My main criticism (as also echoed by the core77 review (link below), was that there was lot of propping on pedestals of the greats of ID (both products and people), but very little critique of all the bad crap out there. Gary commented on this in a question asked after the screening and said something to the effect that he wanted to show the positive and that the inverse of that (good function, good longevity, etc.) would become apparent to the viewer. (sorry, don’t have a direct quote and I apologize to Gary if I’ve misinterpreted his reply). Even just a scan down a dollar store isle for contrast to the glory of all things mac would be nice…

Another glaring omission in my mind was that there was not a single segment from the perspective of the user. A lot was made of how designers are designing with the user in mind (huge part of the OXO Good Grips segment, as well as others), but not a single non-designer was shown. Would have been great to see apple fan-boys talking about the mac after Ive, or even a “man on the street” interview with someone shopping at Ikea, Target, etc. A big point was made on how design affects us all and all the objects around us are designed, but how could the user be left out of the equation?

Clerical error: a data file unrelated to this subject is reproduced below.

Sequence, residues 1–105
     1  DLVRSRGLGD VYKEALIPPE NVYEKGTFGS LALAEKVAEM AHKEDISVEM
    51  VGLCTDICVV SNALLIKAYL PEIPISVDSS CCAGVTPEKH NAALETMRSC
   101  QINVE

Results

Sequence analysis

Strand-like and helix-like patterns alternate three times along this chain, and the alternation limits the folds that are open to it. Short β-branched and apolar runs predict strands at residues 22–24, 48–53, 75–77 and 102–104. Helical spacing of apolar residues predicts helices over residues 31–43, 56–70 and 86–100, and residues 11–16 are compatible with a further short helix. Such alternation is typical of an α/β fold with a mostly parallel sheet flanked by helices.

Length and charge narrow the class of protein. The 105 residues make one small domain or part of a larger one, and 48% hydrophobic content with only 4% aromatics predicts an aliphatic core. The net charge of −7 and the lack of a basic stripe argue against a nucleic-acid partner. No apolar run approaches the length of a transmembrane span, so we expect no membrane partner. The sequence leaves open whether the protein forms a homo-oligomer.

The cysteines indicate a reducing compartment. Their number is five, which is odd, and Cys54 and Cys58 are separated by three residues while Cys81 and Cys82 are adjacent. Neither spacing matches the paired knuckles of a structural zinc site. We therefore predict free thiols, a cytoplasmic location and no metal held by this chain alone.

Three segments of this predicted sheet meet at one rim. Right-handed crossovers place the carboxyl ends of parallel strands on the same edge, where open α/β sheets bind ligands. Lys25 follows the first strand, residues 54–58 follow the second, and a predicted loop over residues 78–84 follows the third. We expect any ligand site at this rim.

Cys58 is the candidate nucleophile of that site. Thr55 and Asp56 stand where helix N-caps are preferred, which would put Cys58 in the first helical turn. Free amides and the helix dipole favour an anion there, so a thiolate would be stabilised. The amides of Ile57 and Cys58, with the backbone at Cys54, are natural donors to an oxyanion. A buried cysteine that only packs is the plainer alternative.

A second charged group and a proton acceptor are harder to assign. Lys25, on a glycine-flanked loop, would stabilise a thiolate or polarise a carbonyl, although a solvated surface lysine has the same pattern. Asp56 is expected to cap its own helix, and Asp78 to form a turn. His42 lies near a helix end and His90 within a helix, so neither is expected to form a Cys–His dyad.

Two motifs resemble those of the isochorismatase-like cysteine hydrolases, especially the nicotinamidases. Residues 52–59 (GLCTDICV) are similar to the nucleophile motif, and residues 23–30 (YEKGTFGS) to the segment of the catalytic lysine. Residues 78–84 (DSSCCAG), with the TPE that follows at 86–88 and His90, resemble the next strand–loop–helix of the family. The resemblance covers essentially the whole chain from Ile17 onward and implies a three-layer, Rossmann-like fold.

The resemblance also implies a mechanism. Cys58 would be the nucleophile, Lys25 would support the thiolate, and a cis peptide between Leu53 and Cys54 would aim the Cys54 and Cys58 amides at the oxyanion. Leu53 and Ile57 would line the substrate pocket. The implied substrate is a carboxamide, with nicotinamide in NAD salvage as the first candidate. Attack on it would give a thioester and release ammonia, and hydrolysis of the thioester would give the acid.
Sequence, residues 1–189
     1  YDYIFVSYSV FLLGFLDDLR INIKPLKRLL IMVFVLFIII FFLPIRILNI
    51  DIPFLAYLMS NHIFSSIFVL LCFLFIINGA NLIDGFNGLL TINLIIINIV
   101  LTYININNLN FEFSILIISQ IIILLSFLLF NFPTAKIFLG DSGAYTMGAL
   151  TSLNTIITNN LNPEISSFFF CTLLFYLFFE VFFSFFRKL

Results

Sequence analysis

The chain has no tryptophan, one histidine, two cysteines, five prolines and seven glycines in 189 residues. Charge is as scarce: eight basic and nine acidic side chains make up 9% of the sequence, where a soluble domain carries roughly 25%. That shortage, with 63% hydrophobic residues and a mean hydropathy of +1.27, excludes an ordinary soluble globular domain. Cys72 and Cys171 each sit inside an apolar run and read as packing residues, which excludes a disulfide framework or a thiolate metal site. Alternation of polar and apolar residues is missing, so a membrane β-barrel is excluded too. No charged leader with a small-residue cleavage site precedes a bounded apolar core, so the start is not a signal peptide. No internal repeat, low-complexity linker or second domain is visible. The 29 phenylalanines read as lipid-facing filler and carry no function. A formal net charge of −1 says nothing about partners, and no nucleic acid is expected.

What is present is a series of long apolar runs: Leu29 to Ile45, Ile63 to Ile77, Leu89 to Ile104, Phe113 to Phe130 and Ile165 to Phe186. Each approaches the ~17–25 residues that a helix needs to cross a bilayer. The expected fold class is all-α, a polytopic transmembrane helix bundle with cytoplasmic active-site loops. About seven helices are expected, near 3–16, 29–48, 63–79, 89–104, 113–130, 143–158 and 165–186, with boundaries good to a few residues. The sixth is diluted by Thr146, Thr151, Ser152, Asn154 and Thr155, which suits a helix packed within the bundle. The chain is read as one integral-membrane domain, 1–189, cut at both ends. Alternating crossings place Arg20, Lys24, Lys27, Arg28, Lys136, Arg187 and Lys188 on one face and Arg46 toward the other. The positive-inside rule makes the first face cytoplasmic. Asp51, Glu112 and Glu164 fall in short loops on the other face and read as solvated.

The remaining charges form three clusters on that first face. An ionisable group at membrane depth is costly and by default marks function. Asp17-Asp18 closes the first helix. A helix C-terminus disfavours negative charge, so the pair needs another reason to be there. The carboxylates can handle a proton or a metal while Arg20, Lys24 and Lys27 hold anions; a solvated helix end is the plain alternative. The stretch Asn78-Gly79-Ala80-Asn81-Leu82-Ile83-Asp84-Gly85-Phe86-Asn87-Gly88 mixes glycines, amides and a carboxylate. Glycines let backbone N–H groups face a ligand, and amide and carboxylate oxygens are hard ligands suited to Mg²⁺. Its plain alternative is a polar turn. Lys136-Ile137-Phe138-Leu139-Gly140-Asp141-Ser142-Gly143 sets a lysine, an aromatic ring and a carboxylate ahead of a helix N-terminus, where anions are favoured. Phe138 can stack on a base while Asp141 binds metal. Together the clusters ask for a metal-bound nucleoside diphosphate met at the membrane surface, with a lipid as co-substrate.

There was also very little in the way of critical comments from the interviewer/narrator to the subjects, which I found a bit odd. Maybe it stemmed from Gary’s adoration of the designers, but I for one would of at least like to see some good natured “Daily Show style” hard questions put to a few of them. For one, Karim went on about how we should design things that are disposable (like cell phones) out of stuff like cardboard, and things we keep to be more permanent. I’d like to know how he views his own designs that are very trendy (hot pink plastic!) would hold up over time in both materials, colors and design… (not well, I’d think).